Course three, 'Monkfish/ cauliflower | leek | vinegar' came with bonus crunchy things on top, and was possibly the least exciting on a strong menu. The continued accompaniment of the Dart Valley Reserve (there are only four wines for the six courses) was a miss rather than a hit for me – but did not prevent us finishing both.

As we took the first bites of our 'Duck/ broccoli | turnip | miso' I thought we must have peaked. Aside from the fact that the dish came with what I can only describe as a five-star sausage roll (presumably stuffed with duck), it was exactly as described – no fancy footwork – the chef had simply cooked everything on the plate to perfection. The 2016 Chilean Alberca Pinot Noir, light and fruity, would not be my first choice, but it let the duck sing (quack?).

Not being a big fan of cheese courses or desserts, I assumed for me this would be the highlight of the night.

Picture my astonishment, then, as course five arrived – Fourme d'Ambert blue cheese with celeriac and pear, served under a single sheet of spring roll-style pastry and accompanied by a sweet Italian Palazzina Moscato Passito dessert wine (2014).

Not having expected much from the cheese course, my brain went into some kind of melt-down at this point and I had an out-of-body experience. The only way I can describe it is it was exactly like the scene in the episode of American Dad when Roger eats the infamous French Ortolan - a tiny songbird drowned in cognac then eaten whole with a napkin over the head to hide one's shame from God - and the whole thing is so orgasmic that he has an out-of-body experience. Funnily enough, this turned out to be rather an appropriate simile – before the Bottel Sally used to be marketing director at Michelin-starred L'Ortolan restaurant in Shinfield. (Disclaimer: The Leatherne Bottel does not endorse drowning live songbirds or watching puerile American cartoons).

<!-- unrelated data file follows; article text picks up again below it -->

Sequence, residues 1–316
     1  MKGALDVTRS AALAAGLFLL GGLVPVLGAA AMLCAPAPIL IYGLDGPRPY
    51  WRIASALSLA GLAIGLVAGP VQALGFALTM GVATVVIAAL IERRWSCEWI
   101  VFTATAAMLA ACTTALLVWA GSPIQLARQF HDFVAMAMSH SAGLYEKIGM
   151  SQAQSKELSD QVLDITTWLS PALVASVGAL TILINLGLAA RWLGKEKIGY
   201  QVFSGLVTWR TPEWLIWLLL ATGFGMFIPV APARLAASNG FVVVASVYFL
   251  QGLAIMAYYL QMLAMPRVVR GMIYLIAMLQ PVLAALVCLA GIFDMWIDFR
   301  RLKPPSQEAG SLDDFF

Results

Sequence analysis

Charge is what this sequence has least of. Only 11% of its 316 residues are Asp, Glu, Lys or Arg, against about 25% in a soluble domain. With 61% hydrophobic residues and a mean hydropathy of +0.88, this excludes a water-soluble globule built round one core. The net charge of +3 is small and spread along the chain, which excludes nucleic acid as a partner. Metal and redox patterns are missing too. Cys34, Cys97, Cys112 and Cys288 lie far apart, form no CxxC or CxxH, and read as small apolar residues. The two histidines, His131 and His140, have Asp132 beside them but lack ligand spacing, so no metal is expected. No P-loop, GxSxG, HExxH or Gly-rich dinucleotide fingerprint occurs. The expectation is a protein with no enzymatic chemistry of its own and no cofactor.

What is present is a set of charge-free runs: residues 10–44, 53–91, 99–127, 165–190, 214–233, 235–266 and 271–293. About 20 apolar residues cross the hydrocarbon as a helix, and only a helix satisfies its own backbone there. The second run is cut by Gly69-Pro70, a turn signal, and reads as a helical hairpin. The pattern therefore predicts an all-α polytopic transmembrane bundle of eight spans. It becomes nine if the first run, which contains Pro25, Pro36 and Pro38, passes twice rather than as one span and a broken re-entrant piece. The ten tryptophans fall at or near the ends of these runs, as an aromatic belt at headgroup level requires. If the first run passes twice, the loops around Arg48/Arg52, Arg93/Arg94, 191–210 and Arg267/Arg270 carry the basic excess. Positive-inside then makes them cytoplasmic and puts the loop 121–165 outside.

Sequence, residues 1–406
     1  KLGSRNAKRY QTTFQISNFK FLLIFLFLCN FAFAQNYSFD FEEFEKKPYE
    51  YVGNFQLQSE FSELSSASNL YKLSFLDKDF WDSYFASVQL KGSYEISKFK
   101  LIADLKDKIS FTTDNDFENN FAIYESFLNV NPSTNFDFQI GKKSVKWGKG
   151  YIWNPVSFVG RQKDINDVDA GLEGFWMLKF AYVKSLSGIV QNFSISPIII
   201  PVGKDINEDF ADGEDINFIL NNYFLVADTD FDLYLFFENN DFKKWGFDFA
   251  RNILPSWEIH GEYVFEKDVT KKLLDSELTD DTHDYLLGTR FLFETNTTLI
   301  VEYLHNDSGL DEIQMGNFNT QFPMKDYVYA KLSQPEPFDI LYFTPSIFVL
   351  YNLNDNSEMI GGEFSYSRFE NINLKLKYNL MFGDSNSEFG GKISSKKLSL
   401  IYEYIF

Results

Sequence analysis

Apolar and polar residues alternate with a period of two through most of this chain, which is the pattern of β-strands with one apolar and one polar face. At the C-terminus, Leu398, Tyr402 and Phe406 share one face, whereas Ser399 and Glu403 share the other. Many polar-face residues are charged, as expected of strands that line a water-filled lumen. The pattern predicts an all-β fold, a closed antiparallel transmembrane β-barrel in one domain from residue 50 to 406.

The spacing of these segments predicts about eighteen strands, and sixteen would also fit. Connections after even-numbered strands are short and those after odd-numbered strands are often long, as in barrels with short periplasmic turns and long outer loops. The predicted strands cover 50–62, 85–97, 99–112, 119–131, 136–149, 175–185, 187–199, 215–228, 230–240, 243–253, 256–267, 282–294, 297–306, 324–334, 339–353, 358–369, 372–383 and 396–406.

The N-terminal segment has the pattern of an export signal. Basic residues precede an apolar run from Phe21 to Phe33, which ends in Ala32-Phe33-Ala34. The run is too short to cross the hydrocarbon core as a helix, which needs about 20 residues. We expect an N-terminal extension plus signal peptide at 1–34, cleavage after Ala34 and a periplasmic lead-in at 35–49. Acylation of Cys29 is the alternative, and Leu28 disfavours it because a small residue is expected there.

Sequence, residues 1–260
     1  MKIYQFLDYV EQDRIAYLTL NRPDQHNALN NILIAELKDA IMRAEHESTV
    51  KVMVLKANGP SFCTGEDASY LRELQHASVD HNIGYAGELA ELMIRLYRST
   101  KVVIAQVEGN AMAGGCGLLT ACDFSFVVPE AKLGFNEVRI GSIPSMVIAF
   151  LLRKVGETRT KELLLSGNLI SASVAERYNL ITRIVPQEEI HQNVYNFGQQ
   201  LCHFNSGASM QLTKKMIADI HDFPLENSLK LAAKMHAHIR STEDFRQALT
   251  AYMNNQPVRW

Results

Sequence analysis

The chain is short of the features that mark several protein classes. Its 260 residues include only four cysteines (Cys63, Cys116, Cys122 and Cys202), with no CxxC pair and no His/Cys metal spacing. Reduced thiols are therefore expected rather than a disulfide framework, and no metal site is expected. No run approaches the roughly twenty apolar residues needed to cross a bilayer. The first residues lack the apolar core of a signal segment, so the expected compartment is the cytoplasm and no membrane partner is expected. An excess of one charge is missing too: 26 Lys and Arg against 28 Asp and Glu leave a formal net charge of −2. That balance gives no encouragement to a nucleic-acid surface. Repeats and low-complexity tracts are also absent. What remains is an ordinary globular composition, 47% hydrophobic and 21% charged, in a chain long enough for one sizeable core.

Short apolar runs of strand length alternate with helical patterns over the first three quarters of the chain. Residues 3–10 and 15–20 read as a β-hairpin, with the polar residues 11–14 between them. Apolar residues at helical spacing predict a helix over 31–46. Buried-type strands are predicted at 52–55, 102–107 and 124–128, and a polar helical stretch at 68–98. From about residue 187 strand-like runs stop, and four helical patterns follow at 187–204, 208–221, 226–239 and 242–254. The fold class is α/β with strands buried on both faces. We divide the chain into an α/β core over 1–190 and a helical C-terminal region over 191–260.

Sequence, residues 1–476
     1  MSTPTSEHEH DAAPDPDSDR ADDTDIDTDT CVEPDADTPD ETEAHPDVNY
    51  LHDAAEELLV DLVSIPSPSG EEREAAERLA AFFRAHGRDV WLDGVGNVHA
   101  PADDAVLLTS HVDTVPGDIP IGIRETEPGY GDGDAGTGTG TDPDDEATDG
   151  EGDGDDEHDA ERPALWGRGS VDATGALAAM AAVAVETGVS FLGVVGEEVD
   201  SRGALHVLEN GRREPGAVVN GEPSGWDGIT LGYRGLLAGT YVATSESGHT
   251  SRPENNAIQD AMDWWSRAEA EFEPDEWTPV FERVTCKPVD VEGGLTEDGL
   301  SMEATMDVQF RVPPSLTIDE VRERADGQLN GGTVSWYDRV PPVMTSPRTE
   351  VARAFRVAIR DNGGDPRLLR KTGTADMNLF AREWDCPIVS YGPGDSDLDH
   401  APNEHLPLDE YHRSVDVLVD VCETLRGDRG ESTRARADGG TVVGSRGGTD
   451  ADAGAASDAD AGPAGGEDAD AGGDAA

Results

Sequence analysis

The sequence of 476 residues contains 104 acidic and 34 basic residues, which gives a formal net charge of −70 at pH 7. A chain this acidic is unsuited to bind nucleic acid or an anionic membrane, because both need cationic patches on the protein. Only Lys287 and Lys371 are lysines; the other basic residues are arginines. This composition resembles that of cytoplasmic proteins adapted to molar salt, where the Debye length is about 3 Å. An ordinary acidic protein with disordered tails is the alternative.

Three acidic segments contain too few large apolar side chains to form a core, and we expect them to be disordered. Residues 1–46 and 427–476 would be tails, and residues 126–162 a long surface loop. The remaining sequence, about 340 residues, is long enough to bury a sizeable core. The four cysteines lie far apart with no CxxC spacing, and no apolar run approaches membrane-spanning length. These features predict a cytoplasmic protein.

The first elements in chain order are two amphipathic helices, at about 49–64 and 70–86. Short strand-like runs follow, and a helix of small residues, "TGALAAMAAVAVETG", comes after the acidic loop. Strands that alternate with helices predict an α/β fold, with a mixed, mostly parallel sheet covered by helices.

Finally came the dessert: 'Banana/ panna cotta | pecan | caramel'. Now, given Katie and I both hate panna cotta and I'm not a big fan of pecans, this time we were certain that we would be able to find fault. We were wrong again. Served with what I think was a salted caramel ice cream and some crunchy salty caramel wafers, the whole thing was obscenely good.

If I had to find a fault I'd say that the dessert wine, which was carried over from the cheese course, was so sweet that it didn't do anything to complement the sugary flavours, but that's pretty weak as far as criticism goes.

Add to this the fact that our various waiters and waitresses throughout the night were cheery, engaging and informative and I'm struggling to offer you anything useful in the way of criticism.

I would love to tell you that the Leatherne Bottel was not worth the hour-long drive from Oxford via Lewknor and the terrifying hair-pin downhill bend and making Katie wait three quarters of an hour, but it was: it was worth every single bit.